Budget Update: Key takeaways from the February Board of Equalization meeting

The State Board of Equalization met on February 21st to approve revised revenue estimates for FY 2017 and FY 2018. This estimate will be binding on the Legislature as it develops the FY 2018 budget over the coming months.

Here are our main takeaways from the new certification:

#1 This year’s revenue estimates have missed the mark by enough to trigger mid-year budget cuts

The revised estimates for FY 2017 are for revenues to be come in under projections by $296 million, or 5.7 percent. Since there is a 5 percent cushion between certified revenues and the amount the Legislature can appropriate, this creates a mid-year shortfall of 0.7 percent. The $296 million gap between the revenue estimates certified last June and the revised February projection is attributable to plunging corporate income tax collections (off by $205 million) and weak sales tax collections (off by $96 million). Gross production tax revenues are slightly above original projections.

Once the revenue failure was declared, the Office of Management and Enterprise Services (OMES) sent out a memo to all agencies announcing mid-year cuts equal to 0.7 percent of their appropriation from the General Revenue (GR) fund. The cuts total $34.6 million. Agencies that are appropriated in whole or in part from sources other than the GR fund receive less than a 0.7 percent cut. This includes the Health Care Authority, Corporation Commission, Land Office Commission, and State Department of Education (but see below). Unlike last year, the Department of Transportation did not receive a cut in its allocation from the ROADS fund.  

This is the first time the Board of Equalization has made an official declaration of a revenue failure. In the past, the director of the Office of Management and Enterprise Services (OMES) has used his discretionary authority to decide the timing of revenue failures and size of mid-year cuts. This decisions seems to have been prompted by a desire to avoid a recurrence of what happened last year, when OMES cut agencies by considerably more than what turned out to be needed, which led to surplus funds being returned after the end of the fiscal year.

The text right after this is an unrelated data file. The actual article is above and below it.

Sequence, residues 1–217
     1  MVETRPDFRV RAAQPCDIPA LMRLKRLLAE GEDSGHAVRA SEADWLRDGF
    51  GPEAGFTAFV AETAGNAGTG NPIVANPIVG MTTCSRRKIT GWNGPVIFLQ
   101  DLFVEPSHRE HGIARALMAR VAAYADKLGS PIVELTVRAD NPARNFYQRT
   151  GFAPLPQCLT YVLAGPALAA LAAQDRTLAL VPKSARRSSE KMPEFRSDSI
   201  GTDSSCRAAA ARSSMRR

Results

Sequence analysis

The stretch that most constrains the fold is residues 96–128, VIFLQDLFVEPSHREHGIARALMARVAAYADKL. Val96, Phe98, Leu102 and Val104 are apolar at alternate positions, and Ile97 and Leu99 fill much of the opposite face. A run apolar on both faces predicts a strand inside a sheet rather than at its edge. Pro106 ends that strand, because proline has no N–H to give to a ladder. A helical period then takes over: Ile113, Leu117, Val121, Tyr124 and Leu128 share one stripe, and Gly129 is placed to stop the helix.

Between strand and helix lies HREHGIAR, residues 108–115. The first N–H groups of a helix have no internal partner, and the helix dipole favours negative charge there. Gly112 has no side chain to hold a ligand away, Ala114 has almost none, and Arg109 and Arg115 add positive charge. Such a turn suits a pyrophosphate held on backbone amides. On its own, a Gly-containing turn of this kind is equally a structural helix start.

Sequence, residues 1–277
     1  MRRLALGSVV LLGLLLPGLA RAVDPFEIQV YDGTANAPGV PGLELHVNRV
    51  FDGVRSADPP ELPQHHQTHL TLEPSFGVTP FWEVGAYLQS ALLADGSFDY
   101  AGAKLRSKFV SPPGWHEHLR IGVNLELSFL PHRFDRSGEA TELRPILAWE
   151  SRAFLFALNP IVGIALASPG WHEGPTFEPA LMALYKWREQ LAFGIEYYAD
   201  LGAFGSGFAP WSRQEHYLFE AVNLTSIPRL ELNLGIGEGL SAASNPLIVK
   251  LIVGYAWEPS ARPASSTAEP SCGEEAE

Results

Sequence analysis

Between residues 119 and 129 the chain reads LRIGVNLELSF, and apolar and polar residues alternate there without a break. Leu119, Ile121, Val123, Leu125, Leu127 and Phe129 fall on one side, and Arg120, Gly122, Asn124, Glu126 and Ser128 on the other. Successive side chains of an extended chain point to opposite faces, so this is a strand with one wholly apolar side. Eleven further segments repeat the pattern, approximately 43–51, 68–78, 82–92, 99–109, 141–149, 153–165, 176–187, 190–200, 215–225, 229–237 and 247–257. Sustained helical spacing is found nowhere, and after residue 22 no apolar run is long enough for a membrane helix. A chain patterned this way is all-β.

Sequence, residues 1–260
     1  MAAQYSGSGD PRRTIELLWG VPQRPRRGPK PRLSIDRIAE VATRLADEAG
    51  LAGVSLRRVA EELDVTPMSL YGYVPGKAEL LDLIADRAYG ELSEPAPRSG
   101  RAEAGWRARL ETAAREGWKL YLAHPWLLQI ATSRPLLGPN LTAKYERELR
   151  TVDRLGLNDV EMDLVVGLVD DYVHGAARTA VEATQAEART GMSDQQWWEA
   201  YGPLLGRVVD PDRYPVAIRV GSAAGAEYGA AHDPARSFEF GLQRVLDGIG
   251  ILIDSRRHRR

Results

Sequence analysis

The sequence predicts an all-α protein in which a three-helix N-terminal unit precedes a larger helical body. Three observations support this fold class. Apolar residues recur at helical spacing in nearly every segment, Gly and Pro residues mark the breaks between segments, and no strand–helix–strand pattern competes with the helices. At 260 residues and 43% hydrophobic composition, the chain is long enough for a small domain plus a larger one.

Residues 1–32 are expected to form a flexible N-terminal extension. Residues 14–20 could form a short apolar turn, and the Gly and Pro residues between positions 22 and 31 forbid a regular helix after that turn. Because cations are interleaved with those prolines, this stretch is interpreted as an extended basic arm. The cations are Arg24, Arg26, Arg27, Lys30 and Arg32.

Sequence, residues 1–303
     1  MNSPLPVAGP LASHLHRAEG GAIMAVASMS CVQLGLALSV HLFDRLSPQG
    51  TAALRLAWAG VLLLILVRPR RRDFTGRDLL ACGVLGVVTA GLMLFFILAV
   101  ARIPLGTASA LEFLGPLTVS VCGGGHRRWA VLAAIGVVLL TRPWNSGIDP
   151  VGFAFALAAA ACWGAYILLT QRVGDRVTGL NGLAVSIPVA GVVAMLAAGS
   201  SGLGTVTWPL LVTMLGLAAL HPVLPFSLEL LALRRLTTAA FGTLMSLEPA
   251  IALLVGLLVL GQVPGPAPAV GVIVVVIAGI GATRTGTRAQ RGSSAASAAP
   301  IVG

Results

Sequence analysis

This is the third time since 2000 that there have been revenue failures in two consecutive years; this also happened in 2002-03 and  2009-10.

#2 Common education faces an additional $39 million shortfall.

The State Department of Education was cut $11 million as a result of the revenue failure, which is 0.45 percent of its appropriation. But in a presentation by Finance Secretary Doerflinger to the Board, it was explained that the HB 1017 Fund – a fund directed exclusively for common education that receives a portion of revenues from various taxes, including the corporate income tax – is facing a $39 million shortfall in FY 2017. This amounts to a $50 million reduction to the agency’s appropriation, or 2.1 percent. The Legislature could make a supplemental appropriation to Common Education from the Rainy Day Fund.